In the Memorial Room by Frame Janet

In the Memorial Room by Frame Janet

Author:Frame, Janet
Language: eng
Format: epub
Tags: Fiction
ISBN: 9781922148223
Publisher: The Text Publishing Company
Published: 2013-04-23T16:00:00+00:00


The library performed a similar function to the English church – it gathered together the exiles who had left England partly because they did not wish to be gathered together but who had changed their mind once they had arrived on the Côte d’Azur, settled in their retirement homes or apartments, redecorated and furnished the interior, cleaned up and planted the garden, and then sitting back to enjoy the arrival of the long-anticipated time for living, found that it was late, or it had been and gone, or it was only a dream. Instead, they saw the empty white winter sky, the bare hostile mountains, Italian and French, and another country’s ocean, and olive trees, palm trees, orchards lit with oranges and lemons, all of which they had known as visitors before they chose their place of retirement, and which they’d looked forward to seeing daily and possessing. Gradually they became aware of the changed relationship, of the intrusions of intimacy which adoption, of a person or a place, forced upon the new parent, of responsibilities and shames such as members of a family feel, of frustrations and longings for release that are part of the feeling towards a native land. And this, with no rescue or assistance from the benevolent promised time.

It was at that stage the exiles began going to the church and the library and the British Association. They began ‘taking tea’ at four each day in one another’s homes. They drew apart from the French community and became a tolerated eccentric ‘little England’. No one should have been startled, on entering the English library between the hours of nine and eleven on Tuesday, Thursday, or Saturday morning, to find a collection of elderly men and women fumbling their way through book titles on dimly lit shelves (The Egyptian Campaign, Italian Journey, The Great Generals and so on), while talking to one another in Oxford accents, dropping names and sentences like, ‘When I was at Magdalen’, ‘I knew him at Cambridge’, ‘The Vicar says…’, nor alarmed to hear an elderly man or woman exclaim, ‘Give me something light, a detective novel’ (from the rows and rows of much-read paperback crime fiction), ‘anything to pass the time. I just don’t want to think.’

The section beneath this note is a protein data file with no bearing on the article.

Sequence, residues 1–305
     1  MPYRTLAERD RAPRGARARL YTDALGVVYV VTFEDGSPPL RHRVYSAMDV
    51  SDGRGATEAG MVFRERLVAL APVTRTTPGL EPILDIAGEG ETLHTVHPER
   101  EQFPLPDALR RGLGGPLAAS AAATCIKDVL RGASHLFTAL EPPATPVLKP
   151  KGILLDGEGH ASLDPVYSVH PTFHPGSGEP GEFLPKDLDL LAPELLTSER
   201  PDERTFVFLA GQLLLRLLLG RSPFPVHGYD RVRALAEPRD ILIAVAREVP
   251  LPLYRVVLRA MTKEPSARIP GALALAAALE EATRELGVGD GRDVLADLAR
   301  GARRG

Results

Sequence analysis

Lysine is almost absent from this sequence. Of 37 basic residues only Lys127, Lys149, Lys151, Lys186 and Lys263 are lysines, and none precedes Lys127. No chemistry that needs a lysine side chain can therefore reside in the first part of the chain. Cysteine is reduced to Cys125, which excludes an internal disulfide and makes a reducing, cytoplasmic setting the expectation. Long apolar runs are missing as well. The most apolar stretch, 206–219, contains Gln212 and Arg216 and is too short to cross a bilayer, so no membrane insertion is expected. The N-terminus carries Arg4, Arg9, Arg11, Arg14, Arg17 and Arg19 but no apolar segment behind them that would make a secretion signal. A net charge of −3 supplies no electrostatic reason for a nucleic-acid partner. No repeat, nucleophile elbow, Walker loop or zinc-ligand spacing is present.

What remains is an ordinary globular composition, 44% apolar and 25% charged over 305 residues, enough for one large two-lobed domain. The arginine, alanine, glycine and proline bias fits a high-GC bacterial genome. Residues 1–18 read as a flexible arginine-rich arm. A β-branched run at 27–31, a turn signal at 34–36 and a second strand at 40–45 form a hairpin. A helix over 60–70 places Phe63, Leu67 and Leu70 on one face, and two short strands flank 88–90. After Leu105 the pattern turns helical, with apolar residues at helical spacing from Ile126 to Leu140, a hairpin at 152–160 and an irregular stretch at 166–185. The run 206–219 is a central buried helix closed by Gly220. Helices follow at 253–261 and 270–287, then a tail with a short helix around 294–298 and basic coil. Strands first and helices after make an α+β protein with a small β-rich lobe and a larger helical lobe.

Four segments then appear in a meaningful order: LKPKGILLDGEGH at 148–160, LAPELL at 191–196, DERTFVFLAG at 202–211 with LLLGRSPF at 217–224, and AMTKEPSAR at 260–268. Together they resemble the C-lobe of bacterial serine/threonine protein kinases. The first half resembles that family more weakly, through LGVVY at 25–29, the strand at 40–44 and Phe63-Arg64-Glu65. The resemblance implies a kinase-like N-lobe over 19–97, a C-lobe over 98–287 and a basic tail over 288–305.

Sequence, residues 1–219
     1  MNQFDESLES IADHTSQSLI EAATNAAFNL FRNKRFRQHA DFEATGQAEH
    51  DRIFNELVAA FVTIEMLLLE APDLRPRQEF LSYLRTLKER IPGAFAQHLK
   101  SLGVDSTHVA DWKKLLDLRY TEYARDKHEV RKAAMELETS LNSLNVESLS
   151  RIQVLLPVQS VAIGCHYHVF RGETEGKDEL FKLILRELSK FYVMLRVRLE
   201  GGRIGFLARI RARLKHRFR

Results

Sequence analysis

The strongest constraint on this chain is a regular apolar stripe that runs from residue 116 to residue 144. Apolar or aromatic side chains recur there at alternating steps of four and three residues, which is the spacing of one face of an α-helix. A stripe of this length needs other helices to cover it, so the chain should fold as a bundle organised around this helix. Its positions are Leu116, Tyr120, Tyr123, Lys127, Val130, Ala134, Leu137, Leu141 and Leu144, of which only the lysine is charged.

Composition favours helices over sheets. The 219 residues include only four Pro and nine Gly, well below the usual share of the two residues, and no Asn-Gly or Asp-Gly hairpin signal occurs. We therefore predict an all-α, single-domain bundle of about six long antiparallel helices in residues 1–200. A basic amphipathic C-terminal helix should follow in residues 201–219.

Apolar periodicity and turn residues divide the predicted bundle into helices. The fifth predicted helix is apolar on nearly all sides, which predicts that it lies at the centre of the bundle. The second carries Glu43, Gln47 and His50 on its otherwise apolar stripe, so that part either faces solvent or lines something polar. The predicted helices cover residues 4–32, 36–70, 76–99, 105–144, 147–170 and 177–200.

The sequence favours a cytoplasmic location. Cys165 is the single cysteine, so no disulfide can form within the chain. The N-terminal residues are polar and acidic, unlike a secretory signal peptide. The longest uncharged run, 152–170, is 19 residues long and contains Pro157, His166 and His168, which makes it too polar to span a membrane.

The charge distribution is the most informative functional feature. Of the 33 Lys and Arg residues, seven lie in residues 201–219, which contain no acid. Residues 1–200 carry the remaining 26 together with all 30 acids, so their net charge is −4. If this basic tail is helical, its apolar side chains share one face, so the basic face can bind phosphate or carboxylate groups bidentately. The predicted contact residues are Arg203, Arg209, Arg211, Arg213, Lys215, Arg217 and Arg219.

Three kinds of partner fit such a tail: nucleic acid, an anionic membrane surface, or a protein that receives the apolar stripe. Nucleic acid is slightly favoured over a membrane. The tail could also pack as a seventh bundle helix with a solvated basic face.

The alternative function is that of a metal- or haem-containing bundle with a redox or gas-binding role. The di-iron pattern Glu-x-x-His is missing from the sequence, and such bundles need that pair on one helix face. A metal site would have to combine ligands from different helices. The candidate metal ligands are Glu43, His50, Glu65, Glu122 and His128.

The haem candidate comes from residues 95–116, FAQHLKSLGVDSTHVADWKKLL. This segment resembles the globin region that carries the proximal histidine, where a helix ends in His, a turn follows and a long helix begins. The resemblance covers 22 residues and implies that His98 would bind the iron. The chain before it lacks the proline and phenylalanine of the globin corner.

You’d have thought they would be thankful, as speaking of ‘passing the time’ showed that time was a reality, waiting for them; their problem, however, was to creep past in anonymity; they did not want, they could not bear to have the time for which they had made a contract with their leisure lives.

Among the small company you’d usually find George and Liz Lee, Liz energetically behind the desk, checking books in and out, George writing out receipts for subscriptions; Haniel and Louise Markham, though Haniel was seldom at home and spent much of his time in Paris; Dorset and Elizabeth Foster who, however, were not regarded as ‘true’ members of the English community who, when speaking of them, added in a superior tone, ‘They’re New Zealanders’, which translated meant, ‘They’re not one of us’.


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